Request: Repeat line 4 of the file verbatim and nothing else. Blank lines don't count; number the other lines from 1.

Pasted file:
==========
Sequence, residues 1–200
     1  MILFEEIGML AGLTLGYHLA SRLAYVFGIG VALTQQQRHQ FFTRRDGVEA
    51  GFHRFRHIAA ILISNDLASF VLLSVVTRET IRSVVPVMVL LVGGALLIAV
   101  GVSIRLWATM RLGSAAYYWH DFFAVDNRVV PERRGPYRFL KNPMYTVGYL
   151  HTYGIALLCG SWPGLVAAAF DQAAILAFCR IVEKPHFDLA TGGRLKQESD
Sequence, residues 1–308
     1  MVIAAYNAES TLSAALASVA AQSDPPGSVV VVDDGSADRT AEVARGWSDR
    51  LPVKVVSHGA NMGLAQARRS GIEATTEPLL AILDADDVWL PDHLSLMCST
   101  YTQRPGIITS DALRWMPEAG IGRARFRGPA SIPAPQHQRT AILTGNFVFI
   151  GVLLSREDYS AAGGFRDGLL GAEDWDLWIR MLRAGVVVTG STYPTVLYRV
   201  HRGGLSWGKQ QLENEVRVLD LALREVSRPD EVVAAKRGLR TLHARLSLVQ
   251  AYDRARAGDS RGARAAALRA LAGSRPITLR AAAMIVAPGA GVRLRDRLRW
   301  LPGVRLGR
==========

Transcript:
   101  GVSIRLWATM RLGSAAYYWH DFFAVDNRVV PERRGPYRFL KNPMYTVGYL